That said, I still much prefer to spend most of my movie cash at home, but I will mix it up a bit more with going back to the theaters more often than I have.
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post #27 of 63 Old 08-04-07, 12:07 PM
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Re: Movie Theaters vs. Home Theaters

This last post reminded of something that does make movie theaters special to me - its those "first" experiences. I remember the first movie I went to at a theater: 101 Dalmations. And I remember the first movie I saw alone (this is not a bad thing since it's a memory related to growing as an independent person): Willie Wonka and the Chocolate Factory.
(I just realized both of these movies have been remade.)

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post #28 of 63 Old 08-06-07, 07:02 PM
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Re: Movie Theaters vs. Home Theaters


Actually this is a rather interesting sidebar to the thread. Now I'm much older than
most people here (49) so my firsts will be quirky...

I have close to a photographic memory (pun intended) for movies and where I saw them. I even
saved the newspaper ads in some cases.

Way back in the early sixties, it was cheaper for families to see films in a drive-in than an indoor
theater. Variety referred to them as 'ozoners' and 'hard tops'. Children under 12 were free so
my parents put my sister and I in the back of our station wagon practically every week in the
summer. The first double bill I recall was "Bon Voyage" and "Mr. Hobbs Takes a Vacation" both
in 1962. I was six years old but still recall MacMurray getting lost in a sewer in Paris and wiggling
his finger in a manhole for help and James Stewart trying to get a rusty pump to work in a run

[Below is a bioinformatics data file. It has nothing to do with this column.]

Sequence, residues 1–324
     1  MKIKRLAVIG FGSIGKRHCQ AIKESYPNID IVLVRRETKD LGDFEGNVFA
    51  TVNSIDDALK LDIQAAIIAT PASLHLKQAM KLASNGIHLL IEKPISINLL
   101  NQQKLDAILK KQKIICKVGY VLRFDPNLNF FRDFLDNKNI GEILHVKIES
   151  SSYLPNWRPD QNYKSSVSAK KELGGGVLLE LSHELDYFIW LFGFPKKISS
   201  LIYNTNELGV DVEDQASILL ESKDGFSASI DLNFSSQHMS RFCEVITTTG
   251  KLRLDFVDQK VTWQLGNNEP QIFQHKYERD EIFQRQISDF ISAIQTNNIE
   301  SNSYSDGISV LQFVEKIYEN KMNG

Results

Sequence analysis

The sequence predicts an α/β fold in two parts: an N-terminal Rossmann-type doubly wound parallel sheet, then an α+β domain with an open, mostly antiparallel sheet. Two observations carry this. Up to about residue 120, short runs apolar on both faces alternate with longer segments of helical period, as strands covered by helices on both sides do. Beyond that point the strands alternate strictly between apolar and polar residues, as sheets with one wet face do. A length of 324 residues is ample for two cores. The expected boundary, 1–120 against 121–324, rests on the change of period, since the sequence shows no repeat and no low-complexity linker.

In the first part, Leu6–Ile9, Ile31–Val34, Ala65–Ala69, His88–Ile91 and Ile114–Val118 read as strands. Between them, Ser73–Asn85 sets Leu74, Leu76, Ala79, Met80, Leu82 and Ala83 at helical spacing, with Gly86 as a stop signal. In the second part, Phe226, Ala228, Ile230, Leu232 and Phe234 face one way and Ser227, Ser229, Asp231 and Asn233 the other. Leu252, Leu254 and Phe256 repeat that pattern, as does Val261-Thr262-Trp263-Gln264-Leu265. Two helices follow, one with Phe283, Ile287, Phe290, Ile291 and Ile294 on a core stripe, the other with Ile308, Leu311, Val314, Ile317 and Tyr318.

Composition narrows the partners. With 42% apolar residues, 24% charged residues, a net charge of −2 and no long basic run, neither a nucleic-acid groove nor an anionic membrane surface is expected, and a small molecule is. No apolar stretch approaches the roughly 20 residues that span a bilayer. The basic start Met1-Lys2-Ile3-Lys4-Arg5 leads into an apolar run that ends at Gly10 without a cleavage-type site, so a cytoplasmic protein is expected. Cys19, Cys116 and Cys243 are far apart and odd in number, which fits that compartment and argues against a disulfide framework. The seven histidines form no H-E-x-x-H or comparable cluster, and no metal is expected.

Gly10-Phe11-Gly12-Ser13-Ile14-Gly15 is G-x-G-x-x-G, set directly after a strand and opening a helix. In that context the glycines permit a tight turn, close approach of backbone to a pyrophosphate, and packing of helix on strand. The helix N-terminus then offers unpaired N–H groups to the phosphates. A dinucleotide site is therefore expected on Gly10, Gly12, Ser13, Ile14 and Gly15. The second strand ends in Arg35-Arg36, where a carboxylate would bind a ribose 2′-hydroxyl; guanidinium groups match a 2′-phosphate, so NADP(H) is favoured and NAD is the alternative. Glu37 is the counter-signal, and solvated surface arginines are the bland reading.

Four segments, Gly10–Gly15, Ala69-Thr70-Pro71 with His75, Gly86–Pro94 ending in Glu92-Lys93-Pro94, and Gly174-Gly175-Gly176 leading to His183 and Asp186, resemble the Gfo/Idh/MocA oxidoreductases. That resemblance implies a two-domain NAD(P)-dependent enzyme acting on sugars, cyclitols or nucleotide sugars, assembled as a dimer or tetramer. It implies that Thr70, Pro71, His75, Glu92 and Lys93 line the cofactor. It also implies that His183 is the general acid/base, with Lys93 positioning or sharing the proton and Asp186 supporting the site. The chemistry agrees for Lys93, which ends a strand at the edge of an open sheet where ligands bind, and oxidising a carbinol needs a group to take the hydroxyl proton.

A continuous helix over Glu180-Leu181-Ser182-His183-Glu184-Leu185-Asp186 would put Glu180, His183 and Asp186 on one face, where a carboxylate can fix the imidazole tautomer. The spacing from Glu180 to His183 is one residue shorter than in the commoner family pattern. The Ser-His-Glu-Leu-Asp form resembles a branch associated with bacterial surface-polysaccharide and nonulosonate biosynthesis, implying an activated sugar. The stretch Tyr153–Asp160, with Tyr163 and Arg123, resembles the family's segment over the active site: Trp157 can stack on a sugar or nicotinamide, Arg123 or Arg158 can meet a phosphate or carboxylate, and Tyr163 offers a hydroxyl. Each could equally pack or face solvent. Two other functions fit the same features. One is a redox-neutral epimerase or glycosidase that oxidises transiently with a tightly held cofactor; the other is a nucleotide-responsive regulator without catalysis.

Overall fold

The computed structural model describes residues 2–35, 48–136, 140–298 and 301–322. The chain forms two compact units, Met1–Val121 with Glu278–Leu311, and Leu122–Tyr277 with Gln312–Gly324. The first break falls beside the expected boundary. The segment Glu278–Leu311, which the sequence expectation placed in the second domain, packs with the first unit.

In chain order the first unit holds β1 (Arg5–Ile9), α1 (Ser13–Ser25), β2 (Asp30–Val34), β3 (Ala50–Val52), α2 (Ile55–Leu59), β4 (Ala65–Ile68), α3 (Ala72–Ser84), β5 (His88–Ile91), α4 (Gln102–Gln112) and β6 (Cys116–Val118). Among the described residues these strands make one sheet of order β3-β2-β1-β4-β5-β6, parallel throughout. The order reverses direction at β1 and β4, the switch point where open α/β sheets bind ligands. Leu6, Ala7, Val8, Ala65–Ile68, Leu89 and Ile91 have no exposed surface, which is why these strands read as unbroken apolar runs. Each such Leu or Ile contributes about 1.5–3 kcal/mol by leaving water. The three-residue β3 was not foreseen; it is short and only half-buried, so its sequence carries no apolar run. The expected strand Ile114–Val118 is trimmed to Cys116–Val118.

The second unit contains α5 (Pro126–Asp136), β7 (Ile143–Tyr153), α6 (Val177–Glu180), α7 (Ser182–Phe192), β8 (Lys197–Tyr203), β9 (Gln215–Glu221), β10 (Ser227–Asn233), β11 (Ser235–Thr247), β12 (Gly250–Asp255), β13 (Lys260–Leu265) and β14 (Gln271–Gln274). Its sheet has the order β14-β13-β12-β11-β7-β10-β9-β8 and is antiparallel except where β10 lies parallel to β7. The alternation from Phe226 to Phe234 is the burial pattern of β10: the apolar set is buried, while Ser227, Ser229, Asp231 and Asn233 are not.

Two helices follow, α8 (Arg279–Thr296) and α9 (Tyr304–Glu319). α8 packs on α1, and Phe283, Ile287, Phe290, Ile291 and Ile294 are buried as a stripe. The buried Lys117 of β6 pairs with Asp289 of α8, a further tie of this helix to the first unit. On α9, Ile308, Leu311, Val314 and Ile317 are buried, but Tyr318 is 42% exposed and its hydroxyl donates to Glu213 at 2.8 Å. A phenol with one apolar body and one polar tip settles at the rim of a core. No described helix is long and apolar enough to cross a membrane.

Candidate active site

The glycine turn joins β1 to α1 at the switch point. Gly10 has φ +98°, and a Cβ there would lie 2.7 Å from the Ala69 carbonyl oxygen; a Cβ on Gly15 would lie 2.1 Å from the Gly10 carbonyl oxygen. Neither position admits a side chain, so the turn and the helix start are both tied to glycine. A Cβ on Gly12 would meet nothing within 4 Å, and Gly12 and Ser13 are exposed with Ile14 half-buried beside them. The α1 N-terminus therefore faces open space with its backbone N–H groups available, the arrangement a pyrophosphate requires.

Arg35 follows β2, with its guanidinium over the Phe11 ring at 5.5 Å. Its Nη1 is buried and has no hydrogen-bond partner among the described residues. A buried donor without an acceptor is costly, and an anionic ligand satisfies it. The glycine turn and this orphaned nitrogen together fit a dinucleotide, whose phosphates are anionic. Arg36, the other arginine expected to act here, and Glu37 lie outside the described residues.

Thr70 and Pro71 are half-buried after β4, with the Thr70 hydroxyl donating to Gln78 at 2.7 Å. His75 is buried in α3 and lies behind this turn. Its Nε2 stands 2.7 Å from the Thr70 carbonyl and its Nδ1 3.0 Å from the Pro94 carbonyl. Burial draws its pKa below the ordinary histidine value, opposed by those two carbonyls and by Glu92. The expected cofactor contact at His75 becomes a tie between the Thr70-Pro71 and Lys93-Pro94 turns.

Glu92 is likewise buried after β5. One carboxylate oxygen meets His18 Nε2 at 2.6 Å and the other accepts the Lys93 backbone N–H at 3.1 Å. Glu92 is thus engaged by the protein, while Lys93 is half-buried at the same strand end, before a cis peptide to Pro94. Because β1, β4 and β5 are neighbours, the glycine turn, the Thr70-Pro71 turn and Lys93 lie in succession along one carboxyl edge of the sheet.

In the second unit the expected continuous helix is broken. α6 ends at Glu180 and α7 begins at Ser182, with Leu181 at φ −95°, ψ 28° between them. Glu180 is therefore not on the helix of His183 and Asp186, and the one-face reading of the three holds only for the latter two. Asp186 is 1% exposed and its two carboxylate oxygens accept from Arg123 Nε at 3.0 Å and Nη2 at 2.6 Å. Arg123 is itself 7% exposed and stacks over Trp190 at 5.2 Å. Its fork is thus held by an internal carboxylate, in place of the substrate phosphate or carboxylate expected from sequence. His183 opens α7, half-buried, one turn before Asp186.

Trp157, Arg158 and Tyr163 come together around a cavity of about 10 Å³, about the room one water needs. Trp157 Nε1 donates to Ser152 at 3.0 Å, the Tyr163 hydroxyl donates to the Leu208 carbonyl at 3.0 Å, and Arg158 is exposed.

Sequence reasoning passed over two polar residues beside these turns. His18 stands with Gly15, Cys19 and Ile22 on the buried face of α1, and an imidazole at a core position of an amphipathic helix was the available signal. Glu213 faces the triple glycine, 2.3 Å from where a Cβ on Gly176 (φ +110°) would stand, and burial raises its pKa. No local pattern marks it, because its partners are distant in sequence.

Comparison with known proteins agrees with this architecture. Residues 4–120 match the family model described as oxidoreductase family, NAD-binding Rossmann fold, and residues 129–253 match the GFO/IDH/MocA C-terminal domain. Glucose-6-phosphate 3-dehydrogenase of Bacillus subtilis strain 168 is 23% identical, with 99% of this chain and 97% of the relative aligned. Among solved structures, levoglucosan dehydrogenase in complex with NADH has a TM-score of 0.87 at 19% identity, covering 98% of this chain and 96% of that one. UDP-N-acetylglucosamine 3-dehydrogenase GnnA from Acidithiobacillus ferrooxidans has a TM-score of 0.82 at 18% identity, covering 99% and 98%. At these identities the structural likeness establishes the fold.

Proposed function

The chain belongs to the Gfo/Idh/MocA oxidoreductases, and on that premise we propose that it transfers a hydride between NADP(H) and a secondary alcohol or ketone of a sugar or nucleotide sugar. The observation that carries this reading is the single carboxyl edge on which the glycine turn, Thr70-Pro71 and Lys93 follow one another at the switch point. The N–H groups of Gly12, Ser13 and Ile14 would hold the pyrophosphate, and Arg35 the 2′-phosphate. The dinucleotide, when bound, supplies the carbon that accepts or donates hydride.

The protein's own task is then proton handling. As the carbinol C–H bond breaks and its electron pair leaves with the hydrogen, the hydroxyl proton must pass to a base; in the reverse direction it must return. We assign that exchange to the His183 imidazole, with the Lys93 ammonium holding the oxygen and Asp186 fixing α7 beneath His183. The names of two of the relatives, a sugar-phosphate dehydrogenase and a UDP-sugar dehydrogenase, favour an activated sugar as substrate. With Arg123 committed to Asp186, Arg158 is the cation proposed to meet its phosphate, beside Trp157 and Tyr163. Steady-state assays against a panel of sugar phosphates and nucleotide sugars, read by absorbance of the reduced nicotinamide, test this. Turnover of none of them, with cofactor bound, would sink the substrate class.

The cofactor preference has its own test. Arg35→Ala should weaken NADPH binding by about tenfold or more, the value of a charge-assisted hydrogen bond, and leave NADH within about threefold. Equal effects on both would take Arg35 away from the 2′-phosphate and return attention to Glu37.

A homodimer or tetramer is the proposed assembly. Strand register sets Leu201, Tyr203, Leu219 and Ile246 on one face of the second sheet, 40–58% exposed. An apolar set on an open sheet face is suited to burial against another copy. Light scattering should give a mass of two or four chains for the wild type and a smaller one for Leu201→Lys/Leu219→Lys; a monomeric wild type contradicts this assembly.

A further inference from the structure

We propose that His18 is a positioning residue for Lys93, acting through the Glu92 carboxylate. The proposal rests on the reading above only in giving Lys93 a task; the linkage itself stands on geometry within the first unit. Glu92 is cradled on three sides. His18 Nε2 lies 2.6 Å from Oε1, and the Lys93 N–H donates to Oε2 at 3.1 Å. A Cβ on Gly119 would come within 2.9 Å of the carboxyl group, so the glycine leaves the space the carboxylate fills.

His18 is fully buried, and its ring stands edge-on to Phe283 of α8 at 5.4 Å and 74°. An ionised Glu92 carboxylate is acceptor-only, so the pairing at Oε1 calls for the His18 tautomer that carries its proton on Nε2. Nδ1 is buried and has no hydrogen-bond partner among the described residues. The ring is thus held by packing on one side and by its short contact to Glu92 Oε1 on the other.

down cottage. Silly movies but funny for a child.

The first indoor movie I recall seeing is "The Sword and the Stone" in 1963. It was mildly entertaining
but I didn't admire Disney until I saw the later re-issues of his previous classics like "Snow White and
the Seven Dwarfs", "Pinnochio", "Peter Pan" and "Cinderella".

Jumping ahead, I remember the first "G" rated movie and the first "M" rated movies.
When I was eleven, the industry abandoned the Production Code and replaced it with the classification
system. No one knew what this was supposed to mean since most families were used to
'going to the movies' which were suitable for all ages even if some had content that was a bit risque
and went over the heads of small children. In 1968 we saw "Chitty Chitty Bang Bang" which was
advertised as rated "G". I thought that meant "Good". What did I know. Other than the neat
car and catchy theme song it was a bore. The "M" rating confused my parents. 'Suggested
for Mature Audiences' made it sound worse than R or X. I had read the book "Secret of Santa
Vittoria" in 1969 and enjoyed it, persuading by parents to let us see it. Very tame by today's
standards. A few swear words and that's all. Because of the confusion, they later changed
"M" to "GP" and later "PG".

My first "R" rated movie I saw with my father which was the re-issue of "MASH". I guess it was the
raunchiest movie I had seen up to that date. Two nuns sat in front of us which made it more surreal.

Now here's a quirky 'first'. I recall vividly my first 'red band' trailer. From 1968-1969 they didn't rate
coming attraction trailers. Movies that were rated R and X had very explicit trailers. When they
were shipped to theaters they had either 'green bands' (cardboard coverings) indicating they could
be shown with G or M films and 'red bands' for R and X movies. Needless to say, once the cardboard
covers were removed the projectionists got confused. When our family went to see a G rated movie
in 1968 (I think it was a re-issue of "Stop the World, I Want to Get Off"), they accidently played a red band trailer of the X rated "Killing of Sister George" that had topless nudity in it. My parents and many others complained to the management. I also saw red band trailer for "The Wild Bunch". This became such a problem that the MPAA later requested that trailers be 'G' rated so they could play before any movie. The green and red bands were abandoned.

Here's another 'first' regarding classification. "Night of the Living Dead" was released in that interim